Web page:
http://thymeandtoast.com/roasted-beet-and-watermelon-salad/


Ground Cherry Margarita: https://cocktaildudes.com/recipe/ground-cherry-margarita/


Slow Cooker Philly Cheesesteaks with Green Pepper: https://www.momontimeout.com/slow-cooker-philly-cheesesteaks/


Roasted Lemon Oregano Shrimp: https://www.thekitchn.com/recipe-roasted-lemon-oregano-shrimp-243280


Fresh Oregano Dressing: https://www.sunset.com/recipe/fresh-oregano-dressing


Roasted Beet Salad with Crispy Kale and Almonds: https://www.themediterraneandish.com/roasted-beet-salad-kale/


Sukuma Wiki (African Braised Kale with Tomatoes)

https://www.thekitchn.com/recipe-sukuma-wiki-braised-kale-with-tomatoes-recipes-from-the-kitchn-176045


Cooking Tip(s) of the Week:

Not a cooking tip, but a silly one! How to Spit Watermelon Seeds:

https://www.texasmonthly.com/the-culture/how-to-spit-watermelon-seeds/


How to Preserve Herbs in Oil: https://www.thepioneerwoman.com/food-cooking/cooking-tips-tutorials/a79425/how-to-preserve-herbs-in-oil/



Biweekly Catch-Up Time

Hello from the Monday morning crew: Amanda, Ethan, Vic, Randy & Peter, Jesse, Adi, Ciocci Lorraine, and Ella!


Before I launch too far into the newsletter, I wanted to tell you to SAVE THE DATE for this Saturday, August 22nd at 6:00 p.m. We're offering a mini harvest time subscription for those of you who are not enrolled in our fall subscription program. It will run for 3 weeks beginning right after the completion of our summer program (October 20th to November 7th: friends who are in the fall program, it'll be exactly the same program and dates, though yours will run for 8 total weeks into mid-December. No need to sign up for this extension.)


This is the perfect mix of late summer favorites like peppers, eggplant, tomatoes, and potatoes, in addition to greens, butternut, acorn, and spaghetti squashes, and root crops. We can only accommodate about 60-70 members in our regular fall subscription, which sold out back in the spring. This is a great alternative if you didn't sign up. Based on interest, we are predicting that this will sell out extremely quickly, as we can only include about 30 members for the extension. After this opportunity, we will unfortunately have no other subscription memberships available for the season. The sign up will be posted on the website this Saturday at 6:00.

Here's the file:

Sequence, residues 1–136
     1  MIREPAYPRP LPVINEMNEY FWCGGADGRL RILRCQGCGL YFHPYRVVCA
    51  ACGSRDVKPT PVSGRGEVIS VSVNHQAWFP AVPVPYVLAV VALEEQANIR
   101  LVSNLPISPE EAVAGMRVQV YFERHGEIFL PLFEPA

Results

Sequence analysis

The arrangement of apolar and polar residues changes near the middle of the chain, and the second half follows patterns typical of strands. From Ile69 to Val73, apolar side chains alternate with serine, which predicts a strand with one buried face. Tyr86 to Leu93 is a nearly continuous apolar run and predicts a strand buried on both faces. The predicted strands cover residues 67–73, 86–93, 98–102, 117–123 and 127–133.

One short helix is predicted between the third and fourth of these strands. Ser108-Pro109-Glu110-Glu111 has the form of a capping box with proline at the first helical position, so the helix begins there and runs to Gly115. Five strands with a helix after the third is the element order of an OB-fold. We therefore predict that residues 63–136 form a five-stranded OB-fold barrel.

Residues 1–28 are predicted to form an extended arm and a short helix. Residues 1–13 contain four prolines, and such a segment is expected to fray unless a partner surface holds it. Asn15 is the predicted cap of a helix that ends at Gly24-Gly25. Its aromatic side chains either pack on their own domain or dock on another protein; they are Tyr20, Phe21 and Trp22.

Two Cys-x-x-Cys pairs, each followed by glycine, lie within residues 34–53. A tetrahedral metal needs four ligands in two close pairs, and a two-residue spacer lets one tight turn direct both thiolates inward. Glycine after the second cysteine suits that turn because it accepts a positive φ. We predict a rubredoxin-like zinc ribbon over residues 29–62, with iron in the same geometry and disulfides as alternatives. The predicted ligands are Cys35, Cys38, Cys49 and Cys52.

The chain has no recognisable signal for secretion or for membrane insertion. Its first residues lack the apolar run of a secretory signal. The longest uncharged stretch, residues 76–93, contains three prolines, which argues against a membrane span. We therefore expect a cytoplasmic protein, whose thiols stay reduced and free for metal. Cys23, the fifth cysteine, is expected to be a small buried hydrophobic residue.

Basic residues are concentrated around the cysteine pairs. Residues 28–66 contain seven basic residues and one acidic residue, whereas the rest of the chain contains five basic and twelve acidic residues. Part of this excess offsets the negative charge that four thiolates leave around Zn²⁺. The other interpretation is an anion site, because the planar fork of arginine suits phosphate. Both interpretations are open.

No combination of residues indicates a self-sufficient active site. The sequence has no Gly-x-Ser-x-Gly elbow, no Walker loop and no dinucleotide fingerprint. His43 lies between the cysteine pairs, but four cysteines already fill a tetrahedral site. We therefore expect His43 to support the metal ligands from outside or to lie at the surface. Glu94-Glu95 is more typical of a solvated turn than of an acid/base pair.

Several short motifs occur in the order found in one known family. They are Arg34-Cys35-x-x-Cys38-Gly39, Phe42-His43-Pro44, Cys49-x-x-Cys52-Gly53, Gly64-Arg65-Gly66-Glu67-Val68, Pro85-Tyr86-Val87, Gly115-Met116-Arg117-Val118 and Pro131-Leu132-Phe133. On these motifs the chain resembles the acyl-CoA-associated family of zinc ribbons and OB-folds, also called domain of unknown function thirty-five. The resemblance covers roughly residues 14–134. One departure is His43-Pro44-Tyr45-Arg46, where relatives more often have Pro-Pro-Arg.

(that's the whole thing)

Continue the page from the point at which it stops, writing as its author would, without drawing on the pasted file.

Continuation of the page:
If you need to double check in advance if you are signed up for the fall subscription, please email me prior to Saturday.


(Sample share below!)


Now, back to summer! This week, you literally get to enjoy the "fruits" of our labor. Cantaloupe will be in all of the shares, and large share recipients will receive a pint of ground cherries, too. Read the description later in the newsletter to find out what in the world ground cherries are.

Members Jenn and Emily offered to donate some surplus produce that we had to some organizations in need. We also had two other volunteers take some boxes to the organizations of their choice. We are so grateful that they volunteered to do this - past arrangements fell through for this year. If anyone else is interested in this, please email me. We'll most likely have many more opportunities to do so, and we would appreciate the help in getting these veggies off the farm.


Roseland Apizza in Derby is now using our tomatoes and zucchini in their dishes! We're so excited about this partnership because they have some of the highest-rated pizza around, so it feels like an honor that they chose us.


For about 2 weeks now it has felt a lot like we're practicing "dryland farming," which is when farmers don't irrigate their crops and instead depend on natural rainfall and the crop life cycle to cultivate. We try to irrigate as little as possible (our water bill has been much higher than we've ever seen it before, leading us to wonder if we might even have a leak somewhere!), but before this past Sunday, it was starting to scare us how dry it was. We have a lot of catching up to do with rainfall. Unfortunately because of the lack of rain, our crops aren't growing as fast as we would like them to. For example, new growth on eggplant plants and pepper plants has been very slow. This week, you're receiving either Asian or Italian eggplant, just because we couldn't guarantee enough supply to make it uniform across the shares.


Some more photos from the week include onions on our drying racks getting ready for fall, my aunt "Ciocci Lorraine" packing shares and doing quality control, Randy and Ethan harvesting carrots, member Kathy's haul of tomatoes and wax beans from her garden starter seedling kit she purchased from us back in the spring, Anne's gorgeous photo of sauce she made with our plum tomatoes, and our son Peter helping daddy harvest carrots in the field.


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247 Waverly Rd. Shelton, CT 06484

laurelglenfarm@gmail.com